Easiest way to create your own workout from home:

Get a deck of cards out.  

  
Step 1: assign each an exercise to each suit.  For example, 

  • burpees=spades
  • push-ups=diamonds
  • core(V-ups?)=clubs
  • squats or lunges =hearts

Step 2: flip over cards using the entire deck, doing the assigned # of repetitions per card.  Like if you get a 4 of clubs, you do 4 v-ups, then flip an 8 of spades, do 8 burpees.  Assign the face cards a value also, like Jacks = 11, Queens = 12, etc.

Let me know how it goes. 

And the Purple Heart award goes to…

Tara! After 3 groups the past 2 weeks, countless barbells, Dumbbells, TRX, tires, jumps, squats, pull-ups, lunges,…you know the drill…well Tara is THE woman!
Here’s why:
would you go into the woods, at 5:35am, in the dark, after a tire that had flipped the wrong direction, risking nighttime critters & who knows what? That’s right, pulled a calf muscle returning that darn, ornery, 200# tire to its rightful place. We love you, Tara, and really respect you! Heal up, tough girl.
Here’s to you–

2015/05/img_1437.jpg

Beach/Travel workouts:

So maybe you plan to workout when you travel, but then all you could really think of was to go for a run…I mean, who wants to think too hard when on vacation or away from home? I often post workouts that I think people will be able to do with minimal to no equipment. Below is another set to get you through a week away (and I’ve worked them out so that you are working opposing muscle groups on back-to-back days):

DAY 1 –
Walk/run/bike for 10 min.
Then do 25 reps of each:
squats with hands above your heart
pushups
boat pose & crunch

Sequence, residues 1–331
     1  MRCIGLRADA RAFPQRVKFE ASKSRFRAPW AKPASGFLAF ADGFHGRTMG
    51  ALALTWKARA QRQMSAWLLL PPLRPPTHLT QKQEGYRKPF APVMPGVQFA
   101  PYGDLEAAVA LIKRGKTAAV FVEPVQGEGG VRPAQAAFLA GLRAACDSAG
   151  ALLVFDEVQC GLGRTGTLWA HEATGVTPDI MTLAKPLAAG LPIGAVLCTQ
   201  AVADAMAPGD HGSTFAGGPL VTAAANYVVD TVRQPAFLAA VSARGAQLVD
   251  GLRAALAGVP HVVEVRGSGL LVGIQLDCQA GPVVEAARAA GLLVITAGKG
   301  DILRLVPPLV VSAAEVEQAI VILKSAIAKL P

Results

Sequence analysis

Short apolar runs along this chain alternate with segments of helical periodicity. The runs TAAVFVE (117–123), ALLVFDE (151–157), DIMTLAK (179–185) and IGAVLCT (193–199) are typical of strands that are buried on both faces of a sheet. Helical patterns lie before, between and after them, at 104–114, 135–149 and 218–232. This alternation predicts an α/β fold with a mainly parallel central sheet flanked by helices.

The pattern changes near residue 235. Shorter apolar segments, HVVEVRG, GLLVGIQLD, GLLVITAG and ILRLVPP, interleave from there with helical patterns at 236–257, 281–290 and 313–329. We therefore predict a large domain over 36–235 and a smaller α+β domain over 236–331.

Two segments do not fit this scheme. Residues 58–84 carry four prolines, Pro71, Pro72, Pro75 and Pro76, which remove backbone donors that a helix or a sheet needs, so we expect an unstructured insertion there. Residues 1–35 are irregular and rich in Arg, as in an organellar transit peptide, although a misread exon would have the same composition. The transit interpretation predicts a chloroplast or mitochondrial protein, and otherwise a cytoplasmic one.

Do 3 rounds of this. Walk/Run/Bike again for 5-10 min. Then go 3 more rounds for a total of 6 rounds or 150 reps. Stretch when done.

DAY 2 –
Go for a jog and everytime you hear the chorus (of whatever song you are listening to at the moment), stop and do 10 jumping lunges. Continue with your jog, stopping for a set of 10 single lunges every minute or so, until you have done 10 sets (100 lunges). Then turn around and head back the direction you came from, repeating the sequence of 10 jumping lunges at every chorus, until you have completed 200 total. Stretch.

DAY 3 –
Set a timer, use the GYMBOSS app, or a stopwatch. For minute 1, count how many burpees (yes, with a pushup) you can do. Minute 2, how many heel press to the ceiling with a corkscrew (lying on your back) can you do. Continue the timer for a total of 14 minutes, trying to keep your # of reps for each exercise every minute. After 14 minutes, stretch.

DAY 4 –
For one hour, do a cardiovascular activity that you enjoy at a moderate pace. I went for a bike ride outside. But you could swim, wog, run, or do cardio machines. Your heart rate should be high enough that it’s hard to talk or carry on a conversation, but low enough that you try. 🙂

DAY 5 –
Break out the app called 7 Minutes (totally free). It tells what exercise to do when for a total of 12 bodyweight exercises (all you need is a chair) for 7 min. The great part is that if you want more, then repeat 3- or 4 times through. Then download the app, Yoga Studio ($2.99 and totally worth it if you don’t like to spend an hour and half doing yoga, but know that you need to!). I LOVE to do the Intermediate Combination for 30 min. You can choose 30 min, 45 min, or 60 min. You can also choose your level – Beginner, Intermediate, or Advanced. Great app. You won’t be sorry.

Good luck and post a comment to let me know how it went.